The Early Bird Catches the Worm
Working out in the wee hours rids the likelihood of distractions to occur and most importantly, completing a morning workout tends to heighten energy and pave more healthful decisions throughout the day's entirety. A study conducted at Appalachian State University found participants who worked out in early parts of the day slept longer and experienced deeper sleep cycles compared to others who worked out at later parts of the day. And while you may be pulled into the comfort of your bed rather than the push from the comforting sheets, these tips will help motivate you into being a morning exerciser.
But What Worm Should You Catch?
Even if motivated to dismiss the snooze button and embrace a morning workout, your motivation can be heightened if you best understand personal preferences and available conditions to catch that worm. The following "if" circumstances and aligning recommendations may move and motivate you to better health.
...are beginning your workout quest.
Especially if first starting out, tackle low-intensity exercises, such as LISS, and progress naturally. You have plenty of time to get into a routine, so do not rush feel forced into a routine that is too strenuous, causes burnout, or may provoke physical injury.
...experience a time crunch.
It is important to remember an effective workout does not mean hours upon hours at the gym. In fact, a gym is not necessarily even needed! Especially if in a time crunch, you can perform some simple body-weight exercises such as pushups, split squats, overhead reaches and lunges in the comfort of your own. For an effective workout, aim for 10 reps for each exercise and run through the circuit at least twice to get blood flowing, wake up the muscles, mind and nervous system. This 30-minute boot camp workout is also a quick exercise to burn calories and kick start your metabolism.
...thrive at the gym.
If you are a so-called "gym rat" at heart and love those morning workouts, a minimum of 150 minutes of moderate aerobic exercise along with at least two full-body strengthening workouts is encouraged each week. Aim for 40 minutes of cardio three days a week and 30 minutes for one day a week or five days of 30 minutes, elevating the heart rate through jogging, cycling, swimming, etc. To achieve two full-body workouts, it is best to split up your strength training sessions to target your upper body one day and your lower body the next rather than working the same muscle groups back-to-back. Complete two or three sets of eight to 12 repetitions of each exercise, and be sure to warmup prior.
...love being in the water.
According to Olympic swimmer, Ricky Berens, it is important to mix up your swimming routines if you want to stay in shape. Swimming workouts are also great motivating morning workouts too. Swimming for distance is important because it will help build muscular and aerobic endurance. Start your warm-up with a kickboard for 200 meters then complete a 500-meter freestyle and rest for two minutes, a 400-meter freestyle followed by a minute and a 30-second rest. And if you are feeling up to it, repeat this cycle again starting with 200 meters and working your way back up to 500 meters. Find more on swimming for weight loss and diving into a new you here.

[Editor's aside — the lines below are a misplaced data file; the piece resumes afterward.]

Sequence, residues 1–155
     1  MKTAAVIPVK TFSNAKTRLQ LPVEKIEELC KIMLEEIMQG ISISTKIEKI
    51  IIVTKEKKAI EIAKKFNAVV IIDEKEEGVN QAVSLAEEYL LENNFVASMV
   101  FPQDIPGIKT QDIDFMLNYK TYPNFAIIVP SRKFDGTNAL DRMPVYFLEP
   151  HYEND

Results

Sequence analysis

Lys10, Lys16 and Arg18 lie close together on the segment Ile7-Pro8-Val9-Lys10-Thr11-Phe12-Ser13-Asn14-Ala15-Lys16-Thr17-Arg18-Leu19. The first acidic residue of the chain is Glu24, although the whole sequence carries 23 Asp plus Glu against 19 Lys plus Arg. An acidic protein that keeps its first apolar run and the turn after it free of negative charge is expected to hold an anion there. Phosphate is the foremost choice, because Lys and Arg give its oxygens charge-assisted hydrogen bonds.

Although exercising can be personal "me" time, throwing yourself in the energy of others can be the motivation you need and seek to tackle workouts. So if you enjoy the company, sign up for group classes, including cycling, yoga, and Pilates. Joining a small workout community can also cultivate lasting friendships in and out of the gym.
...still struggle to get out of bed.
If desiring a lower key, relaxed routine in the morning, take the dog for a morning walk or practice a stress-relieving, muscle-toning yoga routine. In fact, you can do these 6 energizing yoga moves without even leaving your bed!
Consistently Catching the Worm
Consistency is key when aiming to reach optimal health. To consistently wake up and tackle each day, the following assurances and inspirations can keep you motivated on a daily basis:
• Remember and remind yourself why you started in the first place.
• Think of or call your biggest cheerleaders, including a spouse, close friend, parent, or colleague.
• Tackle small tasks you can complete now, including tackling a workout, consuming a well-balanced meal, and acting like the person you thrive to become.
• Consider the future and how you will feel after. (Or the feelings attached if you did not complete it...)
• Prevent burnout by offering mental and physical breaks and switching up routines.
• Put into place and implement other lifestyle habits and practices, including meal preparation, achieving adequate sleep, and managing stress.